Which seems like forever, but I know it'll go fast. The rest of this year is dedicated to final edit for book 1, first revision of book 2, and writing of book 3. Next year I should be done writing and editing all three and will have a complete trilogy on my hands.

Or rather, hopefully in someone elses hands. But if not, that's ok too. I will start self-publishing at that point.

Druid Wars will probably come next. That's what is on the list next as it currently stands. I also have Online Dating for Demons and Hero of Hunker City on deck. Those are both mostly written, unlike the first Druid Wars book, which is missing a huge chunk in the middle and probably a few connecting scenes, not to mention needing an entire rewrite of chapter 1 and maybe 2. It'll probably depend more on mood than size of editing project when the time comes, though. And somewhere in the hole, as the baseball analogy goes, are the Dante novels. But they are low down on the list for many reasons, first and foremost because the first book is not finished. That's a big project, when I finally clear my plate for it. I'd like to do it someday. It has the potential to be a five-book series. But that's for Future Sara to deal with.

In the meantime, I'm deeply entrenched in the MystWatch world with the occasional jaunt into my adventure series to give me a break. Fatigue is a real thing. So is utter revulsion at how terrible everything is sometimes. Thankfully it passes and my motivation to keep plugging comes back.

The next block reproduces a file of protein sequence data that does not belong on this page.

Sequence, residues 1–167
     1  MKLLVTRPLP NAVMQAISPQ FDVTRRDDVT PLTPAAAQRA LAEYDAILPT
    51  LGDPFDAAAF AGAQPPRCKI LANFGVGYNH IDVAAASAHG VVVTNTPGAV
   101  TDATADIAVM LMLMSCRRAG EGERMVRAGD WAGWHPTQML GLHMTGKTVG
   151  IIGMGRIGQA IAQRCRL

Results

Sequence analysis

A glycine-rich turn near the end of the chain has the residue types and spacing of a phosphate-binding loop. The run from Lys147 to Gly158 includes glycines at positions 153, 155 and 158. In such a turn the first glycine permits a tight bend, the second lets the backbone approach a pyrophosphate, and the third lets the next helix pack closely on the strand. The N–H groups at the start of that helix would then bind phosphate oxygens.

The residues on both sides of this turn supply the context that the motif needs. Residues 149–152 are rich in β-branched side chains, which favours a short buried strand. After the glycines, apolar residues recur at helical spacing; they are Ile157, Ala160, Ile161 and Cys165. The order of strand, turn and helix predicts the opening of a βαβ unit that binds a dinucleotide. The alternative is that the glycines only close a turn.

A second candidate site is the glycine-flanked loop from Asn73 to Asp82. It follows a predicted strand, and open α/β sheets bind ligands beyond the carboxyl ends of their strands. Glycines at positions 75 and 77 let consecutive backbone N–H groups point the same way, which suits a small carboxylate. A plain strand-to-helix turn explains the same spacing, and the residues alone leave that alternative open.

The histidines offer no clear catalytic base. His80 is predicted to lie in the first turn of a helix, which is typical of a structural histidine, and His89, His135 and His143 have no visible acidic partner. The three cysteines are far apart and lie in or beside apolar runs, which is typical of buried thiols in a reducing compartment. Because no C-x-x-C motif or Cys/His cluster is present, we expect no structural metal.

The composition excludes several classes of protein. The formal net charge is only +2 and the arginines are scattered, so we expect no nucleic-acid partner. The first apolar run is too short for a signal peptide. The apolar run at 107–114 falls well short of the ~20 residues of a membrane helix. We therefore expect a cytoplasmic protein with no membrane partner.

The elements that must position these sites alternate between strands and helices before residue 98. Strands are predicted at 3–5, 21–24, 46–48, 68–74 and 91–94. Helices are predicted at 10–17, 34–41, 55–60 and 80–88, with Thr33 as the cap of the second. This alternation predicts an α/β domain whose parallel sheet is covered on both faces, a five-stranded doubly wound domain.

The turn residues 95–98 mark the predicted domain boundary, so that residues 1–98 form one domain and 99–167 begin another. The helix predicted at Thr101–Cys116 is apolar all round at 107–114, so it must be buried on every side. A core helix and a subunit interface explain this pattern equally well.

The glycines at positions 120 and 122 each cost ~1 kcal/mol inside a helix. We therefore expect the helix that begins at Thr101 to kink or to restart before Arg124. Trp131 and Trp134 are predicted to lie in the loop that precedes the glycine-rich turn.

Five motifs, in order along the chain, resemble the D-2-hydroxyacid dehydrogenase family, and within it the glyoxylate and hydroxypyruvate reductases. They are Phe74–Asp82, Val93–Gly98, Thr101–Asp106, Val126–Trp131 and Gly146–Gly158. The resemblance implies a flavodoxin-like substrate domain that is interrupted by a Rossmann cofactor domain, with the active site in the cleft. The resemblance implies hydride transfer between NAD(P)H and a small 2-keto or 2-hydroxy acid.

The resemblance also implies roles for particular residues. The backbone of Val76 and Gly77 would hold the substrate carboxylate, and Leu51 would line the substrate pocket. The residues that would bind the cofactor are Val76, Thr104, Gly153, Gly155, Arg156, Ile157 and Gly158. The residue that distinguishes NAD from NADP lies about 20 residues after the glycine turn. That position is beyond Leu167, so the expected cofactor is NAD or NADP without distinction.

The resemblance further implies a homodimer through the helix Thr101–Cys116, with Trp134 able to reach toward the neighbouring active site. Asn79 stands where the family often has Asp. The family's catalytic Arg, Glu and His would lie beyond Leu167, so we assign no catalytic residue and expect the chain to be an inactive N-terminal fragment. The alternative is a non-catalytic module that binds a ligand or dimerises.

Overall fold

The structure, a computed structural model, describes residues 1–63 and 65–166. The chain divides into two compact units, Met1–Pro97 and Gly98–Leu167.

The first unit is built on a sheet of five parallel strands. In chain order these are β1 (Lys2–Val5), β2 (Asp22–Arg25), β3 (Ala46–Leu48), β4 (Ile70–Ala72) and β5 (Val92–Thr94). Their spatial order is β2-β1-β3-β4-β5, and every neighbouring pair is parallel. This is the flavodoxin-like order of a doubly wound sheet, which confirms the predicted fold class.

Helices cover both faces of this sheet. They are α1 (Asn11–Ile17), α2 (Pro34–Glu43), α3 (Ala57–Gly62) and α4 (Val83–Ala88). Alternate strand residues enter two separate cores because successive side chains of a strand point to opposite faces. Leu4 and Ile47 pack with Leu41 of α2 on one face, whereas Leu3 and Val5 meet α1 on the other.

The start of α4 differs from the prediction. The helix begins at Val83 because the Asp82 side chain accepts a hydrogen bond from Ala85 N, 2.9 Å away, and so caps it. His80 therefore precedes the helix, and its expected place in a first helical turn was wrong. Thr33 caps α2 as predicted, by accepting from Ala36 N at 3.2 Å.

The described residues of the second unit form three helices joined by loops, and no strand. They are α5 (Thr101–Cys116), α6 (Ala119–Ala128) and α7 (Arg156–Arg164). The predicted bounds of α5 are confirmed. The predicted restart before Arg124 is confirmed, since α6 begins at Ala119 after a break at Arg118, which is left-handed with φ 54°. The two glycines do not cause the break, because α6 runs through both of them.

I'm like...this is HARD! It's too much! I'm so overwhelmed! And then I'll have a drink, joke around with the husband, go to bed, wake up and be like...oh hey! Puzzle! I wanna figure it out, now.

And then I do. Whether it's by letting my mind wander while I walk/drive/lie in bed or talking it out with friends and family, or just writing and rewriting stuff until it works, I know now that I will always figure stuff out. Sometimes all it takes is a few days thinking about something else, and the problem will solve itself. Sometimes it takes months for things to finally fit together in a way that makes sense.

I did actually read more since my last post. So that's good. I realized I hadn't had spent much time in input mode lately. It was all output. So, I am, as they say, breathing in. I'm reading books and watching Firefly again. Hopefully WorldCon will also give me a battery recharge.

All good things right now. Not saying it's easy, but I'm working hard so that things will continue to go well.

Although I think I'm going to need a long nap at some point. Maybe in October. So I can be ready for three months of writing book 3 starting in November!!

Monday, July 11, 2016

July Update: It's done! (and other stuff)

When I created my project timeline, I made it pretty intensive. It's a no-nonsense, stop screwing around and get serious, write as many days as you can sort of timeline. I admit, I was a little skeptical about whether I'd be able to keep up with it. The biggest challenge to that was whether or not I'd be able to finish writing Towers of Kansas--a book I've been writing on and off since 2012. I was starting to have my doubts it'd ever get done.

Well, it's finished. On the last day of June, I wrote "the end." Towers of Kansas is finally written.

Of course, when I say "finished," I do just mean written. It will need a great deal of editing work before I can even solicit the help of beta readers. But. Thanks to Brandon Sanderson, I've come to accept that I am a discovery writer. Even though I do plan a bit, a lot of stuff, like theme and underlying message, don't come to me until the very end of the book as I'm writing. So when I outline, I know I have to hit point, A, B, and C, but not sure how or why. I figure those things out as I write. Which sometimes adds extra time to projects because I sit and stare at the words for hours or rewrite a scene three or four times because it's not quite right.